Guest Confession: 3 Reasons to Forgive (Even When You Don’t Want To)

ForgiveToday I host another Guest Confession.  This post is from a friend of mine, Jana, who gives you three reasons to forgive, even when you don't want to. I love having guest confessions on the blog, as it gives you and me another voice on such an important topic. Look for a bit more of that in the next few weeks. I'll still be posting regularly (usually on Mondays).  But I'll be adding posts more frequently and introducing some other great marriage voices.

Now to turn the blog over to Jana.  Be sure to give her a warm welcome and support in the comments.

Think back to your wedding day.

I’ll give you a minute.

It was probably one of the loveliest, most optimistic days of your life, with you and your new spouse filled with love and promise of your fairy tale happily ever after. You two are now a team, joined together, knowing you’ll stick to those vows you made in front of your friends, family, and God (unless you had a non-religious ceremony, in which case, just ignore that part). Nothing could ever come between you.

Until it does.

It comes out of nowhere and blindsides you. And it changes everything you knew, thought and felt towards your spouse and your marriage. Your happily ever after is now a big fat nightmare.

And you’re angry. And you feel betrayed and frustrated and hurt and sad and all the emotions. You don’t know what to do. You start asking questions that seem impossible to answer. First the questions turn inward–was it your fault? Did you fail as a spouse? Could you have prevented it? Then they get more global–do you stick it out? Do you get divorced? What about the kids, the house, the dog? Can you even afford a divorce?

It’s an endless stream of seemingly unanswerable questions because how do you answer them when everything you know and believed is gone? You never thought that you’d be in this position and now you are and you have to make a decision about how to proceed in a marriage you never thought would have to endure something like this.

It’s not an enviable position. And I wouldn’t wish it on anyone.

But there’s two things I can tell you for sure. One, it does get better. Two, it gets better as long as you do one thing.

It’s not a simple thing or even something that seems possible. But it is.

What’s the thing?

I know. It sounds insane because how can you possibly forgive someone who’s hurt you so badly? Who’s destroyed the very fiber of your marriage and basically spit on your vows? Who has shaken everything you know to the core? Who’s compromised your self-esteem, your self-worth?

I’m not going to lie. It’s tough. The good news is that you don’t have to do it right away. Let yourself be as angry as you want. Eventually the anger will subside and give way to the rest of the 5 stages of grief, and as that happens, you’ll come to realize that yes, it is possible to start working on forgiving them for how they’ve hurt you.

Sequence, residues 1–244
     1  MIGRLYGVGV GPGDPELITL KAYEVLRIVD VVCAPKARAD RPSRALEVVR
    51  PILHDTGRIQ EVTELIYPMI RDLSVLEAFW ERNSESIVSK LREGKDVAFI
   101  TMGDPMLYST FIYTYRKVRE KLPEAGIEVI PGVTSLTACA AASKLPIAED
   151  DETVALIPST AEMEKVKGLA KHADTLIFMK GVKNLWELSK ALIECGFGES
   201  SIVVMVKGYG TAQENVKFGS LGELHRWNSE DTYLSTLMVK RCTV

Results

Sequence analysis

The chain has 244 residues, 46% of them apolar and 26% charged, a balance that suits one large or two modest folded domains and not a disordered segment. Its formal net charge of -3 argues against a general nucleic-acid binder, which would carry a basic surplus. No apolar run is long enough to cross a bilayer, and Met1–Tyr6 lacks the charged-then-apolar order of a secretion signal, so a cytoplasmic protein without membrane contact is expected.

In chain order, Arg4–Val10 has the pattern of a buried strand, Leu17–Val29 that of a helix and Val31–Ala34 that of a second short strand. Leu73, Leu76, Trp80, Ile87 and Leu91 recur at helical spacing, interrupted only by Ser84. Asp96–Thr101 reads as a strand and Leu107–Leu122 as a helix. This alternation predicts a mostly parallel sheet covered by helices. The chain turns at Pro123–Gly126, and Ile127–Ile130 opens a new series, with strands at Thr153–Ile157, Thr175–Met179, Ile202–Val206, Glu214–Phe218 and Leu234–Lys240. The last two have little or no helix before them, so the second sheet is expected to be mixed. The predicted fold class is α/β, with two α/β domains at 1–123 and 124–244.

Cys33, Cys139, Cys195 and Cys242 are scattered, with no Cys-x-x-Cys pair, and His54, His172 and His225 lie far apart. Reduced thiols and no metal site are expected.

It’s possible because when you forgive, you’re not doing it for them. You’re doing it for you.

That was the hardest, yet most important, lesson I learned. I was resistant to it at first. I didn’t want to forgive my husband. He didn’t deserve it. How can I forgive someone who hurt me that much? However, the more I thought, and the more I listened to the points my therapist made, the more it made sense to ignore all my instincts and forgive him.

So, with great reluctance, I forgave him. And when I did, the following happened:

  1. Clarity. The heavens didn’t open up and angels didn’t sing but once I allowed myself to forgive him, I could think more clearly about how I wanted to proceed in our marriage. It let me see the progress he was making in his own therapy and the hard work he was doing to be a better husband. It stopped clouding my judgment. I started making rational decisions. And that brought about…
  2. Calmness. It is exhausting to be angry all the time. All your senses are heightened, you eat (or don’t eat) all the time, you can’t focus, and it hurts–physically, emotionally, psychologically. Your guard is up. All. The. Time. You can’t relax. But opening yourself up to forgiveness quiets your mind. All that energy devoted to being angry moves to other parts of your life. Which leads to…
  3. Healing. Hanging on to that kind of hurt and anger keeps the wound open and fresh. It can’t scab over and you certainly can’t move on. You stay stuck. But when you said “I forgive you”, the wound starts to close. It stops hurting so much. You started to feel better. You started to function like a normal person. You start moving on from what happened and think about the future.

Let’s be clear. Forgiveness is not the same as condoning the action. Forgiveness does not mean you have to forget. Forgiveness is simply a gateway to peace and healing.

You deserve that.

Jana Lynch is a blogger at Jana Says, where she talks about everything from parenting to pop culture to mental health issues, and runs the blogger mentoring program Bloggers Helping Bloggers. You can stop by and say hi on Facebook, Twitter, Pinterest, and Instagram.

Have you ever forgiven someone even when you didn't want to?  Share how that forgiveness changed you in the comments….

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